problem describes pressure-driven steady, incompressible laminar viscous flow
through a two-dimensional channel (Rogers, 1992). Within the channel, a parabolic
velocity profile forms and the maximum velocity (

Model set-up for the model validation using plane Poiseuille flow. Coloured lines indicate isolines of velocity, whereas blue and red colours define lower and higher velocities respectively. The subgeometry used for the analysis is marked by the black box.

For the validation of the phase-field method regarding the emulation of the
sharp fluid–fluid interface, the Rayleigh-Taylor instability has been numerically
designed and modelled. In principle, the Rayleigh-Taylor instability is described
as the gravity-driven unstable displacement of a light fluid f2 with a
heavy fluid f1 (Lord Rayleigh and Strutt, 1883; Taylor, 1950; Mikaelian, 2014).
Initial separation of both fluids is given by a cosine-shaped interface of
the amplitude

Schematic model set-up and phase propagation over time
of the model validation using Rayleigh-Taylor instabilities. All
Rayleigh-Taylor instability stages in the form of linear, nonlinear and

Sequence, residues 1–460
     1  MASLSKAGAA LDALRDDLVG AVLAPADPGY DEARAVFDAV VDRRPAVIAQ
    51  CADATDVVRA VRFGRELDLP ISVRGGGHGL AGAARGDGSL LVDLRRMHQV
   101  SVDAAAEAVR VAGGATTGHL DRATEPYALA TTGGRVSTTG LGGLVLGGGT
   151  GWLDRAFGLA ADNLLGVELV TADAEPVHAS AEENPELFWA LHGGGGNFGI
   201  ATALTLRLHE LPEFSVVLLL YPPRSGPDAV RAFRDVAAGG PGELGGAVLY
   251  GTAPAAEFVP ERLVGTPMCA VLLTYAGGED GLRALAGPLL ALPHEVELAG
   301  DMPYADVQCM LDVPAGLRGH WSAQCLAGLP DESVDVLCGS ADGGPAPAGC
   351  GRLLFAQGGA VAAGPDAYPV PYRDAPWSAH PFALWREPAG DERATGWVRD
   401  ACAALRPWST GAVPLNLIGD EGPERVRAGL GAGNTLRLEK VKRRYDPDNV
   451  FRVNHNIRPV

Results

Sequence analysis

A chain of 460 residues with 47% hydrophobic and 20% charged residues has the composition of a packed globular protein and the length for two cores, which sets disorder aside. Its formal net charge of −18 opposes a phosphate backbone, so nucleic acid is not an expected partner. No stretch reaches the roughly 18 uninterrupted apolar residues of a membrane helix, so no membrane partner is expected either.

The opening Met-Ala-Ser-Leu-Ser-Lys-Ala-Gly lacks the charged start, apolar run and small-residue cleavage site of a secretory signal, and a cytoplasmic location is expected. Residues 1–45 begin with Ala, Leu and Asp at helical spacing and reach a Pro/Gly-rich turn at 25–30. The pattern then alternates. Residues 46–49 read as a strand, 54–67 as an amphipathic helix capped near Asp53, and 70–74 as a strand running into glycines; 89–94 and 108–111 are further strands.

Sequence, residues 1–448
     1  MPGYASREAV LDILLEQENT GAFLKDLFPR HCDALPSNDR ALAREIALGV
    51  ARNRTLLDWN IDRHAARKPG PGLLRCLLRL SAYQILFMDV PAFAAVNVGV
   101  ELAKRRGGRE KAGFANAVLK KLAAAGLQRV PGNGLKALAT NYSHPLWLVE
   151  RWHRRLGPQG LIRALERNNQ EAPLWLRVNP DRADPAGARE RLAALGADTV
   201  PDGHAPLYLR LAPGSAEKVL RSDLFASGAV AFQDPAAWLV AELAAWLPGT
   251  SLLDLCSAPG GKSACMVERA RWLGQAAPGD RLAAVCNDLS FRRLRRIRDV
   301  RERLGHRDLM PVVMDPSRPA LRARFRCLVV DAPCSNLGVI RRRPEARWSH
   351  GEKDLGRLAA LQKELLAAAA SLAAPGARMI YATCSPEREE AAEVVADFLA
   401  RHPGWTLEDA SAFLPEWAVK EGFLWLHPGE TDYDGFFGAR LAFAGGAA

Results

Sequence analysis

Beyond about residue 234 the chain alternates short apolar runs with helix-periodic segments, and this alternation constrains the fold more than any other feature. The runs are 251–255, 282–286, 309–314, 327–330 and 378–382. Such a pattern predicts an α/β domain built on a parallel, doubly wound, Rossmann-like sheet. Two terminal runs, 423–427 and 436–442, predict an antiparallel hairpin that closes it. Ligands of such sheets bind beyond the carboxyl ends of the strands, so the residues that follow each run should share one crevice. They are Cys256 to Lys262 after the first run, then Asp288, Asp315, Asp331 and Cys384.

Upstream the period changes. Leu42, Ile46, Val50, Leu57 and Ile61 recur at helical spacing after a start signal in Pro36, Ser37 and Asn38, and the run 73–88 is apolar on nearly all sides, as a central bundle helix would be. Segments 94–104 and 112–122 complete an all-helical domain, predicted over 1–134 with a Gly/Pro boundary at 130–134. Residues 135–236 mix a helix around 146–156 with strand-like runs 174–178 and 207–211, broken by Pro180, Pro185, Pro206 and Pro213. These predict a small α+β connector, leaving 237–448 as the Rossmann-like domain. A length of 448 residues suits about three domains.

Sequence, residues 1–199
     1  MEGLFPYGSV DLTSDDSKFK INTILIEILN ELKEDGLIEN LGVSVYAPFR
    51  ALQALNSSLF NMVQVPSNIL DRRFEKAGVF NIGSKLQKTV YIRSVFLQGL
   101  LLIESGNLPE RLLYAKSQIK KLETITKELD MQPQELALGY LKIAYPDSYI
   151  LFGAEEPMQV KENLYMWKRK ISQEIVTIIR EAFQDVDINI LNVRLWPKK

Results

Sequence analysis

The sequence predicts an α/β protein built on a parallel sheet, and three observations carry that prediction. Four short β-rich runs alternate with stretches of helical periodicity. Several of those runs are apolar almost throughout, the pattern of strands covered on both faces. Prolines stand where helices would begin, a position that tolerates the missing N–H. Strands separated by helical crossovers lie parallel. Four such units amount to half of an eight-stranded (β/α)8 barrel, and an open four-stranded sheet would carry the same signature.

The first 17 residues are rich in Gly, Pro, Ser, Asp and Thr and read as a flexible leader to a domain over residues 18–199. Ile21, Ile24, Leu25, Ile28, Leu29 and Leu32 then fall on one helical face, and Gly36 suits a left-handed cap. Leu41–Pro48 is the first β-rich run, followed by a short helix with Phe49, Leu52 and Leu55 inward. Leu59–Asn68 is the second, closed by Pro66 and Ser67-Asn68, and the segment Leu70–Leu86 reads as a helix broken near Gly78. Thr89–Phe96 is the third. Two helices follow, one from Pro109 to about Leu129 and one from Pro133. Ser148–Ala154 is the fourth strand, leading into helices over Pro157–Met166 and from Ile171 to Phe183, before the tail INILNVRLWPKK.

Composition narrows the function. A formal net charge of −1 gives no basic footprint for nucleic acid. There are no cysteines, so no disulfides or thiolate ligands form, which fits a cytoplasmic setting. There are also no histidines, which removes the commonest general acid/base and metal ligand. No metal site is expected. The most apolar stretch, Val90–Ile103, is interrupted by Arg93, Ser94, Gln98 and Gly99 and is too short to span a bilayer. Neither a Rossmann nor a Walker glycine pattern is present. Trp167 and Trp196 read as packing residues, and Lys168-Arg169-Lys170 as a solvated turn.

turbulent regime are visualized. Blue and red colours represent heavier
(

Regarding the results,

Interface amplitude change

Further model validation with regard to NSEs and phase-field method in the form
of a two-dimensional capillary rise within a tube was carried out. Here, fluid rises within
a capillary, contracting air due to imbalanced intermolecular adhesive forces
between liquid and solid as well as intermolecular cohesive forces within the
liquid. The corresponding analytical solution derived for the fluid column
height

Model set-up for the model validation via
Young-Laplace capillary rise at pressure equilibrium. Blue and red colours
define water and air respectively. Height of water column is

Comparing the model results in the form of height of water column in the
capillary with the corresponding solution of Eq. (9) gave a deviation of

The numerical workflow steps (e.g. generation of the

In order to test and modify the FEM-based model described in Sect. 3 on the